France reached the semis after storming past Greece and Austria and were awarded the hosting rights. At the semifinal stage, however, they fell victim to a 4-5 defeat at the hands of Yugoslavia as they could not count on Fontaine or Kopa for their match-day squad. The 1960s were not kind to the France National Team, seeing them miss out on almost all major tournaments and the old guard of the 1950s team retire.
From 1960 to 1978, France only took part in the 1966 World Cup, where they finished last in their group. After replacing multiple managers, in March 1969 Georges Boulogne took the reins and despite falling to qualify for any major tournaments, he is credited with modernizing the game in France, with the nation now emphasizing youth development and modern training. He was replaced by France’s only foreign manager to date, Romanian Stefan Kovacs.
Kovacs, who had succeeded Rinus Michels at Ajax and continued the team’s success implemented his total football philosophy and focused on youth development. His assistant Michel Hidalgo replaced him in 1976, continuing his work. The hard work of previous managers paid off and with Michel Platini in their ranks, France qualified for the 1978 World Cup.
Despite strong results in their pre-tournament friendlies, the inexperience of the young squad showed in Argentina, with them going out in the groups. Following the failure to qualify for the 1980 European Championship the final piece of the Carre Magique (Magic Square) arrived. Jean Tigana joined Platini Giresse and Genghini just in time for them to start their qualifying for the 1982 World Cup.
At the final tournament, France finished second in the first group stage and won the second one to reach the semis. Their game against Germany would be an all-time classic. The 3-3 score line, with four of the goals coming in extra time, was overshadowed by the actions of the German keeper. Harald Schumacher clattered into Patrick Battiston, the French player suffering vertebral damage, lost teeth, and going into a coma. The referee did not even award a free kick.
To add insult to literal injury the Germans went through on penalties. In the next game, Poland won the bronze medal in a game where many of the French stars were rested. The 1984 Euros were to be held in France and the nation had high expectations for their favorites. In the series of friendlies prior to the tournament, a new iteration of the Carre Magique was born with Luis Fernandez joining Tigana as the deep-lying playmakers and Platini and Giresse in front of them.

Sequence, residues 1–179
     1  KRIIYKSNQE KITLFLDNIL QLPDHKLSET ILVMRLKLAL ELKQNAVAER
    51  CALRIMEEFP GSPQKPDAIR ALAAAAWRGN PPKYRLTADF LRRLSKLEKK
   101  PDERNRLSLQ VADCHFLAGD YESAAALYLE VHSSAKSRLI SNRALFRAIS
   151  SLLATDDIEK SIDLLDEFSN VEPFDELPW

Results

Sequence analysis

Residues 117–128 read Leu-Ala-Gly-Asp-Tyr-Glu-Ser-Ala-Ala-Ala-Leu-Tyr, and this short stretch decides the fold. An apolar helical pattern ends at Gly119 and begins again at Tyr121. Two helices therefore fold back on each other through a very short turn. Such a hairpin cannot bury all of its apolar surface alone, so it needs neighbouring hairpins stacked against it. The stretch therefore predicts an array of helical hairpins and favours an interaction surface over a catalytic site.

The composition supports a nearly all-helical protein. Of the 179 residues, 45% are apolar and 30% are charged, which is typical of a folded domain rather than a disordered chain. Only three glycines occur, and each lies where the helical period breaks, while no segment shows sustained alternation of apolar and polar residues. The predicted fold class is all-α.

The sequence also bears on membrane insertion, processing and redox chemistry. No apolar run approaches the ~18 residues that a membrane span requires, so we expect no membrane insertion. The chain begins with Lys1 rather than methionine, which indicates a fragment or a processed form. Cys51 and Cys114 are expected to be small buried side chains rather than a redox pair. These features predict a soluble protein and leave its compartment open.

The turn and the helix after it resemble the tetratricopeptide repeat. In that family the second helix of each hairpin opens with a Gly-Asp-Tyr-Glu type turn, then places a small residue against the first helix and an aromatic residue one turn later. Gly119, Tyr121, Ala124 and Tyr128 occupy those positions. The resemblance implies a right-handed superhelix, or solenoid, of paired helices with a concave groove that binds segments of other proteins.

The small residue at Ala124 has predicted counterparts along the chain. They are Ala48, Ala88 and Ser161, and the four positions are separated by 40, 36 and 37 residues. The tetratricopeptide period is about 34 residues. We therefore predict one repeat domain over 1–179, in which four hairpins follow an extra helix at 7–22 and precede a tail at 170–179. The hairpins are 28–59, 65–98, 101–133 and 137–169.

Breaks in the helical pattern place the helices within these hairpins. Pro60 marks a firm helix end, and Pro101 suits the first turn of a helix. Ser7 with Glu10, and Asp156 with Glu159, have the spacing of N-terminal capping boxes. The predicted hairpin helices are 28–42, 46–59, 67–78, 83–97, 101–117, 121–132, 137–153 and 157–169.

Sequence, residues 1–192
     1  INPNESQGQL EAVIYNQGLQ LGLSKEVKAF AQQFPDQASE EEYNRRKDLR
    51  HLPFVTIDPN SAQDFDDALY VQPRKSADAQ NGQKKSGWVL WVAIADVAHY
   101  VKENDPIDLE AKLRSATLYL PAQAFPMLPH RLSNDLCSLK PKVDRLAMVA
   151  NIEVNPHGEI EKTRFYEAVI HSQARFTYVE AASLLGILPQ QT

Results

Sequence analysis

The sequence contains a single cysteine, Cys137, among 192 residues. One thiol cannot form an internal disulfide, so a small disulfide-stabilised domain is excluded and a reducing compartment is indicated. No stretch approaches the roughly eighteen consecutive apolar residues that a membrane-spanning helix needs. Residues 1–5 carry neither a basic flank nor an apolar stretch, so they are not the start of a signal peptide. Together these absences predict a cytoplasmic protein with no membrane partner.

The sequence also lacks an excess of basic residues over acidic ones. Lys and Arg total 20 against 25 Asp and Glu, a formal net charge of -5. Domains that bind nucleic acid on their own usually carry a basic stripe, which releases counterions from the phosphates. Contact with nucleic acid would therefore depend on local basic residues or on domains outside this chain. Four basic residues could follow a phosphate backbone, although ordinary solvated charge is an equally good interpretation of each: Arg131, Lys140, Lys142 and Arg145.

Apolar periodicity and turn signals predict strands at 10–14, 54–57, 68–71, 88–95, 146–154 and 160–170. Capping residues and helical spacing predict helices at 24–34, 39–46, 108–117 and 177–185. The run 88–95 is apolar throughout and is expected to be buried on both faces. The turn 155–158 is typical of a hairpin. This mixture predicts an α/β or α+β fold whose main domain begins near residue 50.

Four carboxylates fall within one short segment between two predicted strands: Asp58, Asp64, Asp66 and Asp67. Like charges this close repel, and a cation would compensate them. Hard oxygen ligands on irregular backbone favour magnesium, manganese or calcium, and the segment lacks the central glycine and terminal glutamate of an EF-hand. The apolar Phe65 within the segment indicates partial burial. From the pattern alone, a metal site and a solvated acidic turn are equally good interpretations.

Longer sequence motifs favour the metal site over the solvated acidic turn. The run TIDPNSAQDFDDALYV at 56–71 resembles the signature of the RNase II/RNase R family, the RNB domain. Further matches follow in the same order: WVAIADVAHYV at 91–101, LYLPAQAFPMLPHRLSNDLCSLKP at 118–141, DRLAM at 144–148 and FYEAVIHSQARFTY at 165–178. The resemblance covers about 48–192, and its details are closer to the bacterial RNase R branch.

This midfield quartet was in full song at the final tournament beating Denmark, Belgium and Yugoslavia in the groups. A semifinal tie against Portugal followed, with Platini scoring the decider in extra time to win 3-2. Platini was once again instrumental in the final, opening the scoring. France managed to win 2-0, even though going down to ten men. Two more gold medals followed, at the 1984 Summer Olympics and the Artemio Franchi trophy, a precursor to the Confederations Cup.
The next World Cup saw the French as favorites, with the team being nicknamed the Brazilians of Europe. Despite Platini and Giresse playing through injuries, they managed to get out of the groups and were due to face Italy in the knockouts. Platini scored in a 2-0 win and now the European Brazilians would face the actual Brazilians. Another important Platini goal meant the game finished 1-1 in regular and extra time. A tense and nervy shoot-out followed with players like Socrates and Platini missing.
Ultimately, Luis Fernandez scored to send his country through. In the semifinal, the eternal enemy awaited: Germany. The injuries and fatigue of the previous rounds took their toll, France’s star players being ineffective and the Germans running out 2-0 winners and the old guard, including Platini and Giresse, retiring after the tournament.
By: Eduard Holdis / @__He___
Featured Image: @GabFoligno / John Berry – Getty Images